www.un.org /peace/africa/Diamond.html   (1271 words)

  
 Conflict Diamonds
Conflict diamonds are those sold in order to fund armed conflict and civil war.
Diamonds mined in rebel-held areas in Côte d'Ivoire, a West African country in the midst of a volatile conflict, are reaching the international diamond market.
Conflict diamonds from Liberia are also being smuggled into neighboring countries and exported as part of the legitimate diamond trade.
www.amnestyusa.org /Our_Issues/Conflict_Diamonds/page.do?id=1011014&n1=3&n2=74   (475 words)

  
 Articles - Conflict diamond   (Site not responding. Last check: 2007-10-26)
A conflict diamond (also called a blood diamond or a war diamond) is a diamond mined in a war zone and sold, usually clandestinely, in order to finance an insurgent or invading army´s war efforts.
The United Nations has decried the sale of conflict diamonds, arguing that their trade finances armies in fighting against legitimate governments and perpetrating human rights abuses, and prolongs devastating wars.
Countries such as Canada have used concerns about conflict diamonds to present domestically-produced diamonds as an ethical alternative which avoids the risk of unknowingly purchasing a blood diamond.
www.zdiamond.net /articles/Conflict_diamond   (569 words)

  
 Conflict Diamond - Game For Change | Cross Gamer
Conflict diamonds are most definitely not a girl’s best friend.
Synthetic diamonds are molecularly superior to “genuine” diamonds, but are stigmatized by many consumers as not being “the real thing.” Unfortunately, some “geniune” diamonds fund brutal organizations that not only kill but conscript child soldiers, keep soldiers drugged and out of their minds, and amputate limbs in whole villages.
Synthetic diamonds do not support poor African villages, unfortunately, but since "genuine" diamonds don't actually support much growth either, that's not a crucial factor in deciding which kind of diamond to buy.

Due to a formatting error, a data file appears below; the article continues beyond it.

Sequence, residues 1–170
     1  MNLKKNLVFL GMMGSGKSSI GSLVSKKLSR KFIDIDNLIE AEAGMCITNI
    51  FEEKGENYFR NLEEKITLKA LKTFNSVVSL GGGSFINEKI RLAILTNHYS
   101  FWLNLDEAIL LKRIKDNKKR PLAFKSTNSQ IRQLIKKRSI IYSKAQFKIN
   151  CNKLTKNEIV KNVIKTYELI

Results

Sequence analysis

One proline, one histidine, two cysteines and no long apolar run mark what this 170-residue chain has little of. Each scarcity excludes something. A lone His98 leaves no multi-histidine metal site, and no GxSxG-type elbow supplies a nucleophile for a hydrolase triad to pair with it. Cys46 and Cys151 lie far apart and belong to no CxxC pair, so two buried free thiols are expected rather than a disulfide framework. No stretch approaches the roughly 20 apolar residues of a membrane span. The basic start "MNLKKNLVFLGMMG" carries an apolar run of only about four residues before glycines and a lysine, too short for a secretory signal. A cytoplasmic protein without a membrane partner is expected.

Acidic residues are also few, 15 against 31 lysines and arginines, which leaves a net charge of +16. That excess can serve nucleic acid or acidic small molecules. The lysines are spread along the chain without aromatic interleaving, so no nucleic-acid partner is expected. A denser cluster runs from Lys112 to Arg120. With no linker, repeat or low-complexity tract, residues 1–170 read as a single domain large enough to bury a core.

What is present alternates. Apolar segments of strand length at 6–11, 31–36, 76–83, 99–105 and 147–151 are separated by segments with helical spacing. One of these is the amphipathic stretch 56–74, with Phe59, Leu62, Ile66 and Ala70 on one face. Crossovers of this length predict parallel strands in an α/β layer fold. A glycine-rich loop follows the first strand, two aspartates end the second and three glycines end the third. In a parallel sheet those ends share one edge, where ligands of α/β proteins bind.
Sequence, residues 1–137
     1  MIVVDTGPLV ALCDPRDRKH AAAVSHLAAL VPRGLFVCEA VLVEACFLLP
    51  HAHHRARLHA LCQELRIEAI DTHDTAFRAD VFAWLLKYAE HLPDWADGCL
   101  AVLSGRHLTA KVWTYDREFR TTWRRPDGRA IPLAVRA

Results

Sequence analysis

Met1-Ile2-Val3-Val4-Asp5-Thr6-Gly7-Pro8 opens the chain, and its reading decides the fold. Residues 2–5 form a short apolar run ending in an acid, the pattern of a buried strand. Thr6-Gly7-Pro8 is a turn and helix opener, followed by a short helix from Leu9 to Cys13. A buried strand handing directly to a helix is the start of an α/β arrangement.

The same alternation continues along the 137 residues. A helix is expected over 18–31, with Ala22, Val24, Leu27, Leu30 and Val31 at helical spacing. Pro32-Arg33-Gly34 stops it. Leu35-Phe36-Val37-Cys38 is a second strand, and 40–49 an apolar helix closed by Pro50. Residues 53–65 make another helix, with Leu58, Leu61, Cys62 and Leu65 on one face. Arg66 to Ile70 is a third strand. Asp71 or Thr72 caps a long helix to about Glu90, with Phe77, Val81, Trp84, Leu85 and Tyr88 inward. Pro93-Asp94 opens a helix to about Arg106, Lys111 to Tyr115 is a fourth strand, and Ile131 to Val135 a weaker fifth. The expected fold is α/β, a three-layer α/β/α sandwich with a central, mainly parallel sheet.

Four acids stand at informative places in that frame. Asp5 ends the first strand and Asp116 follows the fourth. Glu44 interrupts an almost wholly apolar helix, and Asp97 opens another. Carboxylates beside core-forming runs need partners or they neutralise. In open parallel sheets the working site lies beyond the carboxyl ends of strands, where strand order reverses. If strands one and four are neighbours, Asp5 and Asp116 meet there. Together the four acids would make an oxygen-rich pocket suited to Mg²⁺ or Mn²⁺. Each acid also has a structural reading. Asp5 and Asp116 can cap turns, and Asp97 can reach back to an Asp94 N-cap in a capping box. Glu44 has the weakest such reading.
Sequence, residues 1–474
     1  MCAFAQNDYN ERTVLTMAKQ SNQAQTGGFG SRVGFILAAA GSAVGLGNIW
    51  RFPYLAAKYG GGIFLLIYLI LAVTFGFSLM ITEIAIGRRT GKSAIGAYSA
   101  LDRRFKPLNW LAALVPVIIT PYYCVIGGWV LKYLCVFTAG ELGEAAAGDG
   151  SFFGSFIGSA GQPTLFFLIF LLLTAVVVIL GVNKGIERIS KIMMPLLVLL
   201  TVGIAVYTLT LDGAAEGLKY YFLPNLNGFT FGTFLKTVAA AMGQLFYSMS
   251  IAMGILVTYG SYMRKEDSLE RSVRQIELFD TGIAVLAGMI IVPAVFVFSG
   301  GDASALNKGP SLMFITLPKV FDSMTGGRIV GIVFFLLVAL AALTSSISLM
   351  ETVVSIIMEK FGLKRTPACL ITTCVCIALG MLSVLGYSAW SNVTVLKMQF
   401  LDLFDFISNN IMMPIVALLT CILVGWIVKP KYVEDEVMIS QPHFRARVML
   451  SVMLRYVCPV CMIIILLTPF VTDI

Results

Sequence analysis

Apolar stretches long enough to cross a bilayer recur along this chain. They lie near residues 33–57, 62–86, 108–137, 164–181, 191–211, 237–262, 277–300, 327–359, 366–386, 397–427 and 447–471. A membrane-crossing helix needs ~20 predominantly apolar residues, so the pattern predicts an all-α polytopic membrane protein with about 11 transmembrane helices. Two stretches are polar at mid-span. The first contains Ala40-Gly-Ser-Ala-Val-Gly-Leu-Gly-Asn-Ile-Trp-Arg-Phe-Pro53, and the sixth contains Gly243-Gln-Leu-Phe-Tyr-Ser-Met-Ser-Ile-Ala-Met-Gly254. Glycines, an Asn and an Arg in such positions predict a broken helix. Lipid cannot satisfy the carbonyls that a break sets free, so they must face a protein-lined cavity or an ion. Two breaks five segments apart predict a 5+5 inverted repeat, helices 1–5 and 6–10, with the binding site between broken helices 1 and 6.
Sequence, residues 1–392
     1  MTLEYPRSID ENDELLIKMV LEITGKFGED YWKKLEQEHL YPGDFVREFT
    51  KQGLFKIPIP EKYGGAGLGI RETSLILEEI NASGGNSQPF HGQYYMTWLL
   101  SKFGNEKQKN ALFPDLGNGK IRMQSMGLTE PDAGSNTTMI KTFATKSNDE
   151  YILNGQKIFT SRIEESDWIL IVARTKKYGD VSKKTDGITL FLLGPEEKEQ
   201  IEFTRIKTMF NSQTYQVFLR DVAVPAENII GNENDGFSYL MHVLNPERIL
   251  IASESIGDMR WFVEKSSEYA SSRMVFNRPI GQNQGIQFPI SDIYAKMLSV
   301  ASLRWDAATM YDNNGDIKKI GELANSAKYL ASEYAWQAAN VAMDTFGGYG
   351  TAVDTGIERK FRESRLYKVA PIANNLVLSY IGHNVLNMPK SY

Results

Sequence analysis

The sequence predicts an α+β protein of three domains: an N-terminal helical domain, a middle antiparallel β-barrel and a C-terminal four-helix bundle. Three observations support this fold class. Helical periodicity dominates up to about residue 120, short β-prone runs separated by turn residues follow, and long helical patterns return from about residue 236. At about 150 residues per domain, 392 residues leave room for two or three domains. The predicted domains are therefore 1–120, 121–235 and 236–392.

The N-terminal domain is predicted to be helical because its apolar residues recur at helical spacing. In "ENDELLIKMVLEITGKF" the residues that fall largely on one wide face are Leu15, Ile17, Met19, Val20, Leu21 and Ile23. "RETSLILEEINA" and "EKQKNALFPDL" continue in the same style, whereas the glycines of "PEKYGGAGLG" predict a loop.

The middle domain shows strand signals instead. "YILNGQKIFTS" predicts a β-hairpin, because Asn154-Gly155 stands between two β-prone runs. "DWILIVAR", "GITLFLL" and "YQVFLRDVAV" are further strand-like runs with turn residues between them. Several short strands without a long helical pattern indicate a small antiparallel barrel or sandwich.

crossgamer.com /conflict_diamond   (684 words)

  
 combating conflict diamonds - global witness
Conflict diamonds, also known as blood diamonds, are diamonds that are used by rebel groups to fuel conflict and civil wars.
Diamonds have also been used by terrorist groups such as al-Qaeda to finance their activities and for money-laundering purposes.
Diamonds are being smuggled out of the rebel-held north of Cote d'Ivoire and out of eastern DRC, and continue to be used for money laundering, tax evasion and organized crime.
www.globalwitness.org /pages/en/conflict_diamonds.html   (380 words)

  
 The Conflict Free Diamond Council
A diamond is a conflict-free diamond if its profit is not used to fund war, and it is mined and produced under ethical conditions.
A diamond is a conflict diamond if its profit is used to fund war, or it is mined or produced under unethical conditions.
The Conflict-Free Diamond Council is dedicated to stopping the trade of conflict diamonds by creating consumer demand for Certified Conflict-Free Diamonds.
www.conflictfreediamonds.org   (165 words)

  
 Diamonds --- Rings Jewelry Engagement Loose Conflict Online Wholesale Certified Prices Earrings   (Site not responding. Last check: 2007-10-26)
Diamonds --- Rings Jewelry Engagement Loose Conflict Online Wholesale Certified Prices Earrings
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diamond.altse.com /diamonds.html   (255 words)